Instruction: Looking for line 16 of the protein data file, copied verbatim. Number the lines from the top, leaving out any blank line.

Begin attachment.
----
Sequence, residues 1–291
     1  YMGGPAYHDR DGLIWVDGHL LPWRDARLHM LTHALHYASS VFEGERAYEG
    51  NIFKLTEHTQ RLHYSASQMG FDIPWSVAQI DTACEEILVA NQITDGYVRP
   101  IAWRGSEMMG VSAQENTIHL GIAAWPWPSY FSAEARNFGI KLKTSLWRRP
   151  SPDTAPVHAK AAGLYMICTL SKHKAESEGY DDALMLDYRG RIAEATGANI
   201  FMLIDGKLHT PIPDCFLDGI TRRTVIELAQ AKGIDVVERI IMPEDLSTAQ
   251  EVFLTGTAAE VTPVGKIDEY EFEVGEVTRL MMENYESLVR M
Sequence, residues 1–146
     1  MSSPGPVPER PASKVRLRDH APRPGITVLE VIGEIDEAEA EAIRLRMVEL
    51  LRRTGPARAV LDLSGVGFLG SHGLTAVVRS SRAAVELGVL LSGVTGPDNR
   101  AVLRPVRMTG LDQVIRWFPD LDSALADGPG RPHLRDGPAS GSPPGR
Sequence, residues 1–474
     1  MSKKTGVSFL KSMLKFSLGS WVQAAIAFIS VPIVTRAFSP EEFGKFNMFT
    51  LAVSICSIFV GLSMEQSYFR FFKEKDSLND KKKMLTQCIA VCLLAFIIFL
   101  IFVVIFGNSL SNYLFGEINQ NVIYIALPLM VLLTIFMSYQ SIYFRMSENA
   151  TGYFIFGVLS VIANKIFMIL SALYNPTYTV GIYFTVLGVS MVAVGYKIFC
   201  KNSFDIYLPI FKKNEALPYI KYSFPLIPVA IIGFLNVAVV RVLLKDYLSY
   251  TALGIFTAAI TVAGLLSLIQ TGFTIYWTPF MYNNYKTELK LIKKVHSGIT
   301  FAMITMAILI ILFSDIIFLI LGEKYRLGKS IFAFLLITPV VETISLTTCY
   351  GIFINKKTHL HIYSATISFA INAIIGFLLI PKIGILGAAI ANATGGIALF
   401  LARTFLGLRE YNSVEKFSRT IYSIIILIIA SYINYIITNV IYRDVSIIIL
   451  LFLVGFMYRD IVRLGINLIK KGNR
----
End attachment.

   151  TGYFIFGVLS VIANKIFMIL SALYNPTYTV GIYFTVLGVS MVAVGYKIFC